I have not yet formed a clear idea in mind of what I think of the performance of the new Canon EOS 7D dSLR. I purchased it specifically for action photography–sports and wildlife–to accompany my aging 1D Mark IIn, and I photographed the college football game between Missouri and Baylor with these two bodies this past Saturday. I made about 800 frames on the 7D (about 700 too many), and was happy with the focus on several, but certainly not all of the frames. I will be photographing another football game this weekend, Missouri Vs. Kansas State, to be held in the “Little Apple.” I will go into further detail about what settings I am using in a future posting, but I will make a few remarks about the camera here.
Without question, I think that this camera feels better in-hand than any other, with the exception of the 1D series. The grip is, for once, contoured for a person’s hand. It is very well constructed, and the buttons are easy to find and also “stick out” a bit more so that a gloved hand can actually manipulate them. As a native of the Midwest, this is particularly important, as our winters seem to last about six months! Strangely, while virtually every button is improved over the xxD series, the depth-of-field preview button has taken a turn for the worse. It is almost flush with the camera body, and does not push in very far. Disappointing.
The viewfinder is a joy to look through with this camera. Not quite as nice as the 5D II (which, frankly, is not as nice as Sony’s Alpha 900 viewfinder), but worlds beyond the 40D or 50D.
So far I am unimpressed with the RAW/JPEG button, which enables whichever format you are not using by default, but only for one frame. Nevertheless, it is better than the “direct print” button than it was in the original 5D, and I suppose I should be thankful because it could well have returned to that state of stupidity when Canon moved the “Live View” button from that position, where it is on the 5D II, to a spot above the joystick controller.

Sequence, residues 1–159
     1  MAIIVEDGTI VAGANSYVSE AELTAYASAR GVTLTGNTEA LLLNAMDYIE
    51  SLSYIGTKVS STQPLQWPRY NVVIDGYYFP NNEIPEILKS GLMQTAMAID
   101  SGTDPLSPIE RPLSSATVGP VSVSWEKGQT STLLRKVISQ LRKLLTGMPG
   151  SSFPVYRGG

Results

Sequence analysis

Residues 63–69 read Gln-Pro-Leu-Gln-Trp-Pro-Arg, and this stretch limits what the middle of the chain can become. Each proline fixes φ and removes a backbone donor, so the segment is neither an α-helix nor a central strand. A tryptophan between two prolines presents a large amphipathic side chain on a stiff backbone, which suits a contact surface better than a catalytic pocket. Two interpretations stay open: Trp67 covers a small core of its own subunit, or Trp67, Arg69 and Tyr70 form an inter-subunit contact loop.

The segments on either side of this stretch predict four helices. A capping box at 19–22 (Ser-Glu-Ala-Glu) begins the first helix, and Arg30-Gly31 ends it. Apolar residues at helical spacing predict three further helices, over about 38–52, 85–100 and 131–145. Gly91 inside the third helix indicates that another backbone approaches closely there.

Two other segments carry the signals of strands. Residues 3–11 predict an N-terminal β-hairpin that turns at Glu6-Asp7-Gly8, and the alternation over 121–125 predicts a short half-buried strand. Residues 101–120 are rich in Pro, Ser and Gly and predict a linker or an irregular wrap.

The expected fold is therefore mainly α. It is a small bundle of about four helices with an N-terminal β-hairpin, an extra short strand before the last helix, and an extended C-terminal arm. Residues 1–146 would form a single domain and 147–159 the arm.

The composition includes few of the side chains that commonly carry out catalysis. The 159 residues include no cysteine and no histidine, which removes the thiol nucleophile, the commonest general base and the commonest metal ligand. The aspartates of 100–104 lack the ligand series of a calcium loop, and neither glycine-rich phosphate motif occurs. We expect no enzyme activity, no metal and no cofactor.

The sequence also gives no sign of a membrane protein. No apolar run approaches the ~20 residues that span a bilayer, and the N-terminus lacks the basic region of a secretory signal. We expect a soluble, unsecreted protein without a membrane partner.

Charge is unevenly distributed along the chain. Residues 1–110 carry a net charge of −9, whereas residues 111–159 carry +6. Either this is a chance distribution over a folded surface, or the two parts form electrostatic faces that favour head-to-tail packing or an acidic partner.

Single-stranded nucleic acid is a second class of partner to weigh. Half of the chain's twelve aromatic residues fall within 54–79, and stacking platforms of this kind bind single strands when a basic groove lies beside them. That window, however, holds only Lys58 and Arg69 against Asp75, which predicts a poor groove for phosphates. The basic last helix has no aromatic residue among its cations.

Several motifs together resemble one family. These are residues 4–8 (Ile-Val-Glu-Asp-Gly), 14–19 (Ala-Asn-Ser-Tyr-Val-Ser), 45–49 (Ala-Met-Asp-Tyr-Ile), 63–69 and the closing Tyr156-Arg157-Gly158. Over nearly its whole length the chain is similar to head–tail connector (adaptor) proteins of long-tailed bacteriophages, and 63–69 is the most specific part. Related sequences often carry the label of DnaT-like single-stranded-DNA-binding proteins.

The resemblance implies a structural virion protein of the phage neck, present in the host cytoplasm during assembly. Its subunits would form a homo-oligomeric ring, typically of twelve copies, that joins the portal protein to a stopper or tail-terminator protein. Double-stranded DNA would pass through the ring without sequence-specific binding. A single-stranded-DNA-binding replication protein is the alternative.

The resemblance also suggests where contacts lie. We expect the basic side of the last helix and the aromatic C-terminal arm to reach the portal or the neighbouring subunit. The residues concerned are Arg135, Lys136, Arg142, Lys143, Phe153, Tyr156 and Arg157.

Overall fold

What I will also state, to a great deal of dismay, is that this camera feels worlds better in-hand than does my 5D Mark II, which carries a $1,000 premium over the 7D.
More after the jump!
Menus / Customization
I will credit Canon for making the menu system incrementally better with each successive version of their DSLR’s, with the possible exception of their custom settings menus, which have been “cut up” into four submenus that claim to have distinct themes, but frankly confuse more than they simplify.
While I do not miss its absence on this camera body anywhere near as much as I do on my 5D II, I do not understand why mirror lockup is buried in a custom function instead of being a button or, alternatively, a drive mode.
An aside: for about a year now, I have been able to check out Nikon D3 and D700 bodies from the University of Missouri, as well as a full complement of lenses from 14mm to 500mm, and had been very envious of the body designs that separate drive modes, metering modes, and autofocus modes onto separate dials and switches…until recently, which I photographed at night. Here’s the kicker about those switches: they don’t light up, so you can’t easily tell which one you’re in without finding your flashlight. For the first time, I actually appreciated the way that Canon makes it all available on the top screen, which has a back-light. Am I saying that one is better? No, I am saying that they are different. But at that very moment, I was cursing the difference.
Moving on, I am impressed that Canon finally loosened up on what all could be changed. Many of the buttons on the camera can have their functions changed, dial directions reversed, etc. A very pleasant change, indeed.
There are no conclusions yet.I will have more thoughts on this camera in the coming weeks. It often takes me a while to evaluate a new purchase like this camera, especially for something so specialized for action when I don’t often get to work in that specialty!